Although I was the next vehicle in line, I passed on through with a wave and a smile after the normal questions.

So when the Canadian officer asks about firearms, tobacco, or what ever, answer openly and with a straight face. Those folks have a job to do, and in my experience, they are totally professional and polite.

In contrast, I don't know what to tell you about American officials except to be prepared to gut it out. The interesting aspect of it is that I have gotten more grilling between the US and Canada at highway crossings than I have in several international airports when returning from Europe.

All of my returns from Europe into Philadelphia and Atlanta have been routine. No questions at all from customs or from immigration officials.
brookwood is offline  
Feb 1st, 2004, 11:33 AM
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Regarding Brookwood's most recent post, I am quite sure that it is completely non-kosher for residents of one of the sides (can't recall which one, but think it is Canadians) to rent a car in the states (on the other side) and drive it back into (home country) Canada. It may even be "unlawful"/illegal to do this, and not just a "violation of the contract" (such as driving on a non-paved road, etc.)

Regarding other stuff:

EITHER a certified copy of your birth certificate OR a passport is required for U.S. citizens going to Canada these days. Again, not because Canada cares so much about either, but because the U.S. side will basically demand either for re-entry.

Regarding the transportation of minors across the border, if they are accompanied by one parent, a note from the other parent (if at all a legal custodian, especially) saying that s/he is well aware that they are going.

If you are bringing a minor who isn't your offspring, then a well-written note from their parents and the birth certificate or passport, AND photo ID is the wise move.

I do NOT believe that these last things need to be notarized, at least for casual day/weekend trips, as that has been my recent experience.

Maybe one person will read one little dabble of something I've refreshed and be aided by it.
NorthwestMale is offline  
Feb 1st, 2004, 06:51 PM
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Well, looks like I will have some experiences to look forward to! Thank goodness I will be driving my own vehicle and not a rental. And both my children have passports, and I will have a signed and notarized letter from my husband as well. I'm sure he'd much rather come with us and not have need for a letter, but unfortunately, someone in the family has to work so the rest of us can afford the luxury of these wonderful adventures! LOL

Thanks for all your knowledge.
crepes_a_go_go is offline  
Feb 2nd, 2004, 02:52 PM
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I don't know if someone mentioned this previously, but get a "Canada card"(a small yellow card) from your car insurance company verifying that is covers you for the minimum in all provinces. It should be free to get this card as you're generally not buying additional coverage, just verifying it. It may take a few days for the company to process the request.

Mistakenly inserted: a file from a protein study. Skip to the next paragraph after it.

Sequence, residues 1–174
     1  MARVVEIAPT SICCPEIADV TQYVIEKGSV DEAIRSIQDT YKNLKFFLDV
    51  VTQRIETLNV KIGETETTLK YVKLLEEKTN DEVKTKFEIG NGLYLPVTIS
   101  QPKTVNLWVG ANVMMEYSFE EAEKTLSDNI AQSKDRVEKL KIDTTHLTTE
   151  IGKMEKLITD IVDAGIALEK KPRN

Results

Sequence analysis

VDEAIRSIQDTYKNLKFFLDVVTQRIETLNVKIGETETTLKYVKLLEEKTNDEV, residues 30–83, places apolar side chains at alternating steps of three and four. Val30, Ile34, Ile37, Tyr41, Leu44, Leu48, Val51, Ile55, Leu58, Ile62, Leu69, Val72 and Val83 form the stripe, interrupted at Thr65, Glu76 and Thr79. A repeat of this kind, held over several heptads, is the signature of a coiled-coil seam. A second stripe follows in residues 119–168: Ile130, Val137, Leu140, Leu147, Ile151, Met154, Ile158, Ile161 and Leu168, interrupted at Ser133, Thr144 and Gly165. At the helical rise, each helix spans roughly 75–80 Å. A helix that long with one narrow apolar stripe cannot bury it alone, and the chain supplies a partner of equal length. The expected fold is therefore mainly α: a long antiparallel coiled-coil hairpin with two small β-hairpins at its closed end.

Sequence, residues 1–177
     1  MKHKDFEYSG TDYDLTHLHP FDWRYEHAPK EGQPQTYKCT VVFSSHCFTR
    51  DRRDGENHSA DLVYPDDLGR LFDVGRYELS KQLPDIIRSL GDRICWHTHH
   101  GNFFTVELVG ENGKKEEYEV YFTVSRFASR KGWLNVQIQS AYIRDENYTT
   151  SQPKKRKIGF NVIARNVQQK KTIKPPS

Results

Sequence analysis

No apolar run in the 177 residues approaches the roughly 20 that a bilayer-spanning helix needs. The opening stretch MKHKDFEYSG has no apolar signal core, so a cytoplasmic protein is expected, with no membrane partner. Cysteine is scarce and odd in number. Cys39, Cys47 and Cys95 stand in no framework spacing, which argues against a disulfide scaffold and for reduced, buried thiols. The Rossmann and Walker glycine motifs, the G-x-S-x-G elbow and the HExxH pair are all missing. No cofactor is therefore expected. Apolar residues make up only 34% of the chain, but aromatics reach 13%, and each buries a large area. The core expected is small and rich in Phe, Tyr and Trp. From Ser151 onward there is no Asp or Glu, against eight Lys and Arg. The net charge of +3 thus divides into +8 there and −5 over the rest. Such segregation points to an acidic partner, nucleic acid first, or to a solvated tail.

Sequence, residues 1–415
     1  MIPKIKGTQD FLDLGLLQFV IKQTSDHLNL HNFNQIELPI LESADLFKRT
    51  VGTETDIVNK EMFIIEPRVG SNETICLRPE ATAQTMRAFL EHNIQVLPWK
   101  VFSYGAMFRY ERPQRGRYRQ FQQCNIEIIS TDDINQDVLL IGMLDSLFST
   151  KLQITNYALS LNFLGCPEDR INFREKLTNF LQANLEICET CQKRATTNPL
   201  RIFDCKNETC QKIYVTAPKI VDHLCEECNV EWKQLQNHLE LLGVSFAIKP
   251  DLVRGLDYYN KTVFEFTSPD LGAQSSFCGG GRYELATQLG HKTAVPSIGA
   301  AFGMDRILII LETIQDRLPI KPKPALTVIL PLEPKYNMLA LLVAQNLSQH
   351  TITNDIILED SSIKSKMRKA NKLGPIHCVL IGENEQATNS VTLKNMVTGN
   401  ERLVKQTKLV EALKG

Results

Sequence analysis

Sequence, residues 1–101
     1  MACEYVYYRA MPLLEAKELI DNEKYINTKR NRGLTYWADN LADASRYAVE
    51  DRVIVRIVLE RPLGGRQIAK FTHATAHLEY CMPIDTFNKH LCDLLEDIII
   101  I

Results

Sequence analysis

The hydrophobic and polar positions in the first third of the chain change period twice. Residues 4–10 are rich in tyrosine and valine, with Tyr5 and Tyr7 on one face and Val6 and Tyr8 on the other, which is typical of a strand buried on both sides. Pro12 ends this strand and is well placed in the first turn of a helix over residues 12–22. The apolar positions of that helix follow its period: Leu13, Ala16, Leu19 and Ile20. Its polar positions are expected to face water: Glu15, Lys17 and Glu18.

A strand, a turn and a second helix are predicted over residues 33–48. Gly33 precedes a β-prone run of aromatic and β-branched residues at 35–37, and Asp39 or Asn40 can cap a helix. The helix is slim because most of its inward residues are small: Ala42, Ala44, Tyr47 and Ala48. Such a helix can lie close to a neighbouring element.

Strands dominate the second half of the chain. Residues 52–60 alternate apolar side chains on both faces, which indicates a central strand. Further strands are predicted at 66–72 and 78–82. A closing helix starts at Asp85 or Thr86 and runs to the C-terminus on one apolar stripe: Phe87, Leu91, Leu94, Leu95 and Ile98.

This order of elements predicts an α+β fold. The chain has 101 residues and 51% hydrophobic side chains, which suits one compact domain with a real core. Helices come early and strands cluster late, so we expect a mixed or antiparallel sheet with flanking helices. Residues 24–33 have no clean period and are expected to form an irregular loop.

all of My border crossings my car into Canada and back to the US 0 had been uneventful, but there are occasional backups in either direction.
Driving your own car and having passports will make things faster. Having the notarized letter form your husband is fine and necessary, but don't be surprised if the border agents still question you and your kids (if old enough) more that they might someone travelling without kids.
janie is offline  
Feb 2nd, 2004, 04:21 PM
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Crepes_a_go_go, this is a bit of a tangent, but it's somewhat related to the current discussion.

You can get a rebate for the GST (goods and services tax) portion of some of your expenditures while you're in Canada. The paperwork is a pain in the neck. For many people who come to Canada for a few days, the few dollars they'll be refunded are just not worth the bother. However, in your case, since you may be staying for a couple of months, your expenditures may be substantial enough to make it worth you while to complete the paperwork.

Here's a website that explains how it works:

Judy_in_Calgary is offline  
Feb 2nd, 2004, 05:01 PM
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Crepes a go go
I think you have received all the correct legal advice regarding the crossings.

Before Christmas my wife and I drove down to Seattle for one night. On the way back, they would not even look at our passports.

Two yuppies in a volvo 850 do not seem to raise a suspicion.

What interested me was Usa customs asking if we had guns. You cannot even buy a decent assault rifle here, but the couple we were visiting had two proppped up agains the TV.
icithecat is offline